When Martha Reyes arrived at work at the Hyatt Hotel Santa Clara, she heardher coworkers laughing at a photo collage that had been posted. She saw her picture edited onto the ‘sexy’ body of a bikini-clad woman holding a surfboard. Her sister Lorena also had a faked image posted. The collage was posted to celebrate Housekeeper Appreciation Week.
Yes, you read that right. For Housekeeper Appreciation Week, the hotel thought it would be fun to have faked photos of its staff’s faces pasted onto bikini-clad bodies.
Humiliated, Martha took down the photos. Management insisted that she return them, but she refused. Martha declared that if anyone wanted the photos back, they would have to get them from her in court. Days later, the Hyatt Hotel fired both Martha and her sister Lorena.
It’s always hard to say what each of us would do in a situation like this. Would you stand up to management? Would you risk your job? Your security? The food you put on your table?
Martha did. And she was fired.
Now, she and her sister have started a petition at the powerhouse online petition site, Change.org, to demand that the Hyatt give them back their jobs and grant back pay for the time they’ve been out of work.
The hotel is claiming that Martha and Lorena were fired after taking an extra long break one afternoon. This, after excellent work records for their collective 31 years of service to the hotel. But I’m sure it’s just coincidence that this is happening shortly after Martha took down the humiliating photos.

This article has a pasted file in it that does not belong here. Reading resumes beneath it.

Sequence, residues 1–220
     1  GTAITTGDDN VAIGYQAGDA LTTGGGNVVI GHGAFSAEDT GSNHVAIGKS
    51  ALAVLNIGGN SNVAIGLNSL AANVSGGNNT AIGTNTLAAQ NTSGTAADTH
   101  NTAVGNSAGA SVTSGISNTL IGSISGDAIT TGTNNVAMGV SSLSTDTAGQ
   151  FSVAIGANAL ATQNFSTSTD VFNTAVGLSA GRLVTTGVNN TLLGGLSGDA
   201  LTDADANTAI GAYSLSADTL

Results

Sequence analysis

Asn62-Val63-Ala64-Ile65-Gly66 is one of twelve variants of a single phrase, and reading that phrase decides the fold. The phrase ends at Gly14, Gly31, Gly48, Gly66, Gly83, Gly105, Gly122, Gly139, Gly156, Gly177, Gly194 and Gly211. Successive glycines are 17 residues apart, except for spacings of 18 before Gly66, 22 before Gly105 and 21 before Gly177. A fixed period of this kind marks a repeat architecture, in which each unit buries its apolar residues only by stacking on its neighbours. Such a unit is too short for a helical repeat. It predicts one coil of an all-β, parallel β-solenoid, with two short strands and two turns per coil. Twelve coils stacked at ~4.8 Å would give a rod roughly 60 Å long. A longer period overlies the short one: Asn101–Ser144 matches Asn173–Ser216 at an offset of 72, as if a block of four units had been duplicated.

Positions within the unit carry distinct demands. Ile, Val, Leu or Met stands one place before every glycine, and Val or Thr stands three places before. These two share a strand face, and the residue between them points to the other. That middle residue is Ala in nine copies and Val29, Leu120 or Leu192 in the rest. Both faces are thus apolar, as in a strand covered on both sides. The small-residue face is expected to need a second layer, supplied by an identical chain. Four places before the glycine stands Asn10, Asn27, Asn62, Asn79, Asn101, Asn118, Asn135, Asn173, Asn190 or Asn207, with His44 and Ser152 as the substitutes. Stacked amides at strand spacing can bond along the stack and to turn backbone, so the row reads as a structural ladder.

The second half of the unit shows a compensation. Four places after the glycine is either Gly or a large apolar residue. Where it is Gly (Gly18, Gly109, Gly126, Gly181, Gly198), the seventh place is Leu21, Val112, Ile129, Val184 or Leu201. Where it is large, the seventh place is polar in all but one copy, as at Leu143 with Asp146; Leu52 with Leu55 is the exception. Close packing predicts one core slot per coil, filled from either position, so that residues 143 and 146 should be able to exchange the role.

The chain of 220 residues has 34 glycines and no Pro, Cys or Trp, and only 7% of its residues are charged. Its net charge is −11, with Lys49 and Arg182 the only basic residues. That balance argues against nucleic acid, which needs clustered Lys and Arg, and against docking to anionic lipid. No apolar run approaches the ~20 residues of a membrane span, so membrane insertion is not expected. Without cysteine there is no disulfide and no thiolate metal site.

Like all employees, Martha and Lorena Reyes deserve to work in an environment that is free of sexual harassment and degrading treatment. And this incident is just one of many injustices against the Hyatt’s housekeeping staff. In a study published in the American Journal of Industrial Medicine examining a total of 50 hotel properties from 5 different hotel companies, Hyatt housekeepers had the highest injury rate of all housekeepers studied. To date, OSHA or its state counterparts have issued 16 citations against the Hyatt at 16 hotels and 3 citations against one of the Hyatt’s housekeeping subcontractors at one of those hotels, alleging violations of safety regulations that protect housekeepers and other employees.
So perhaps the Hyatt Hotel just wasn’t aware of what it meant to really appreciate one’s staff?
This isn’t the first time that the Hyatt Hotel has celebrated Housekeeper Appreciation Week by objectifying and humiliating its staff. Last year, management made fake $100 bills, wrote the housekeepers’ names on each one, and pasted their photos to the middle of each bill.
Fem2.0 is standing with not only Martha and Lorena, but with all workers who are subjected to this kind of treatment. Click here to sign the petition and stand with Martha and Lorena.
Then, be sure to share it with a friend. It’s important that we support women – and men – who stand up to this kind of mistreatment and abuse. Fem2.0 is proud to stand with these workers – we know you will be, too.